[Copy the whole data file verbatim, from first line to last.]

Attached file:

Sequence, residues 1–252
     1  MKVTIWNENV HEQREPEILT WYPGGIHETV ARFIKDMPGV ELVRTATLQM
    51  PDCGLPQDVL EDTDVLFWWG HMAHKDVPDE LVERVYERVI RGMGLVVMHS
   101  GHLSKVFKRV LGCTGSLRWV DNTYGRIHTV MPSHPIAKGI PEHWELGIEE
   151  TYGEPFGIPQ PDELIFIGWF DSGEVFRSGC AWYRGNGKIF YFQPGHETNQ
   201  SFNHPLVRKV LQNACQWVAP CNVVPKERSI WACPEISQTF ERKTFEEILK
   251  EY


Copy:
Sequence, residues 1–252
     1  MKVTIWNENV HEQREPEILT WYPGGIHETV ARFIKDMPGV ELVRTATLQM
    51  PDCGLPQDVL EDTDVLFWWG HMAHKDVPDE LVERVYERVI RGMGLVVMHS
   101  GHLSKVFKRV LGCTGSLRWV DNTYGRIHTV MPSHPIAKGI PEHWELGIEE
   151  TYGEPFGIPQ PDELIFIGWF DSGEVFRSGC AWYRGNGKIF YFQPGHETNQ
   201  SFNHPLVRKV LQNACQWVAP CNVVPKERSI WACPEISQTF ERKTFEEILK
   251  EY